Bank of America's reported loss this week of $8.8 billion for the second quarter of the year was eye-opening, but not unexpected, and in fact, some experts were predicting losses just slightly worse than the company's 90-cent per share decline.
The losses stem from mortgage-related charges which have put the squeeze on "a very successful bank" in terms of BofA's investment banking, private wealth management and corporate lending businesses, says Richard Lipstein of New York-based recruiter Boyden Associates.
Bank of America already cut about 60 positions in equity sales and trading last month, said a Bloomberg report quoting two people in the know. It would not surprise Lipstein to see more job cuts in sales and trading - both in equities and fixed income given their overall generally depressed conditions.
BofA has also not excelled in providing financial advisory services to the ultra-high net worth families and individuals under its private banking umbrella, sources say.
Moreover, "The overall Wall Street shift towards higher base salaries- with a lower bonus payment at the end of the year-due predominantly to regulatory pressures," could mean bankers could experience layoffs sooner rather than later, says Lipstein.
"If BofA is looking at pruning the lower performers, they may do it now rather than at the end of the year because of this higher fixed compensation cost, the recruiter adds.
That said, BofA's new earnings statement was chock full of good news outside of its mortgage losses which were driven by charges related to the recently announced agreement to resolve nearly all of the legacy Countrywide-issued first-lien non-GSE residential mortgage-backed securitization (RMBS) repurchase exposures, as well as the impact of other mortgage-related costs.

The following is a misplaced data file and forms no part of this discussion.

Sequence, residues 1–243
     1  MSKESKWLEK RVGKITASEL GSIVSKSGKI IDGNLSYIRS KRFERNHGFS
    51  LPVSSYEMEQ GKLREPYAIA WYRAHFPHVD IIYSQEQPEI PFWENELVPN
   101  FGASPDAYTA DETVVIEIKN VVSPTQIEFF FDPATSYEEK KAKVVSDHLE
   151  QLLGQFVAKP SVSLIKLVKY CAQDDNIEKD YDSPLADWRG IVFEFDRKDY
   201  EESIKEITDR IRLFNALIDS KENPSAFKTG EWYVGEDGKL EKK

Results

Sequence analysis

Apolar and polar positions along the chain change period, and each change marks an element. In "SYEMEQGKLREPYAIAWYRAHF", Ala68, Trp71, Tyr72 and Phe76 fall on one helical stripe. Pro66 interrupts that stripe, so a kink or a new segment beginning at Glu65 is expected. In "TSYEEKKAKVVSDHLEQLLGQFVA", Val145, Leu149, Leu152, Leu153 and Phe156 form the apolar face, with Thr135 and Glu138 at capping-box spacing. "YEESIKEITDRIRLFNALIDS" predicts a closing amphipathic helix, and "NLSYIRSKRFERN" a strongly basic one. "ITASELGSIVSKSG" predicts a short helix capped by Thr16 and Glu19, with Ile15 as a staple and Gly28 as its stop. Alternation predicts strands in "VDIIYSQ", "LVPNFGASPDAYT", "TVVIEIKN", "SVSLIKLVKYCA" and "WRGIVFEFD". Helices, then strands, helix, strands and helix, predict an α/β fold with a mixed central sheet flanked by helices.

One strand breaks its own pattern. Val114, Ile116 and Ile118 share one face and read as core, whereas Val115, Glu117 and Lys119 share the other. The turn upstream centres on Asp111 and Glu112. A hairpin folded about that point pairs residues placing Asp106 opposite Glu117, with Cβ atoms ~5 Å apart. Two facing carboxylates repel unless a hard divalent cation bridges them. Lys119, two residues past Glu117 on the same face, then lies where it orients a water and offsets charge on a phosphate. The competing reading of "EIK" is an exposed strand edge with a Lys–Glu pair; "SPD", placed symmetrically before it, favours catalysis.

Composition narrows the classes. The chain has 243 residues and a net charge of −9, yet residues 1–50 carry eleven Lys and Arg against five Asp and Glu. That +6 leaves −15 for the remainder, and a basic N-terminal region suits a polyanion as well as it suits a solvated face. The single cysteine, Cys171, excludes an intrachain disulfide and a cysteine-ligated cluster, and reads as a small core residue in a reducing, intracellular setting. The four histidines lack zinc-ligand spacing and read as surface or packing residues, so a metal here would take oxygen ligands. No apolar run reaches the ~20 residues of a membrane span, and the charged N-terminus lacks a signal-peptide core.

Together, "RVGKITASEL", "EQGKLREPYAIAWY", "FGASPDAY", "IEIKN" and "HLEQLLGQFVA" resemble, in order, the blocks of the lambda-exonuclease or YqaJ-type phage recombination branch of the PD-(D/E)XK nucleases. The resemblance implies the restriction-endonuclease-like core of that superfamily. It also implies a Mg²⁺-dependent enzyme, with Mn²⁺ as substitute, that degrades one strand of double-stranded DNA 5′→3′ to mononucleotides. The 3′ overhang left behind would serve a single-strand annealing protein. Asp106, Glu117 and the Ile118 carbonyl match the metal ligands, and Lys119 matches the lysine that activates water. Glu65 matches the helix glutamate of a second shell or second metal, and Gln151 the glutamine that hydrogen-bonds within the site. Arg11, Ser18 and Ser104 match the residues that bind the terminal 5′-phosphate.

"These charges were partially offset by lower credit costs, gains from the sale of non-core assets and debt securities, improved sales and trading revenues and higher asset management fees and investment banking fees," BofA reported.
For instance, Its Merrill Lynch investment banking unit reported fees of $1.6 billion, a 28 percent increase from a year ago. "This marks the highest investment banking fees since the acquisition of Merrill Lynch," the company reported.
Also, parts of BofA's advisory business are going strong, and this is an area where the company has actually been adding to staff.
"The number of Global Wealth and Investment Management client-facing associates increased for the eighth consecutive quarter, with the company adding 546 Financial Advisors in the quarter and 942 since the second quarter of 2010,' Bank of America reported.
"Referral volumes remained strong during the second quarter with referrals from Global Wealth and Investment Management to Global Commercial Banking up 75 percent from the prior quarter, and referrals from Global Commercial Banking to Global Wealth and Investment Management up 23 percent from the prior quarter," the company added.
Even with the general success in financial advice-giving, Bank of America is reportedly having trouble with its ultra-high net worth business, geared to the very wealthiest families and individuals.
Bank of America Corp. may be willing to sell its U.S. Trust private banking division, the Boston Business Journal reported in May, adding that such a move could raise several billion dollars and ease concerns about its capital levels.
A sale also would ease dissention within Bank of America's global wealth unit, according to the report, which stated that "U.S. Trust bankers sometimes find themselves at odds with a much larger and more aggressive Merrill Lynch operation, which generated more than five times as much revenue in the first quarter.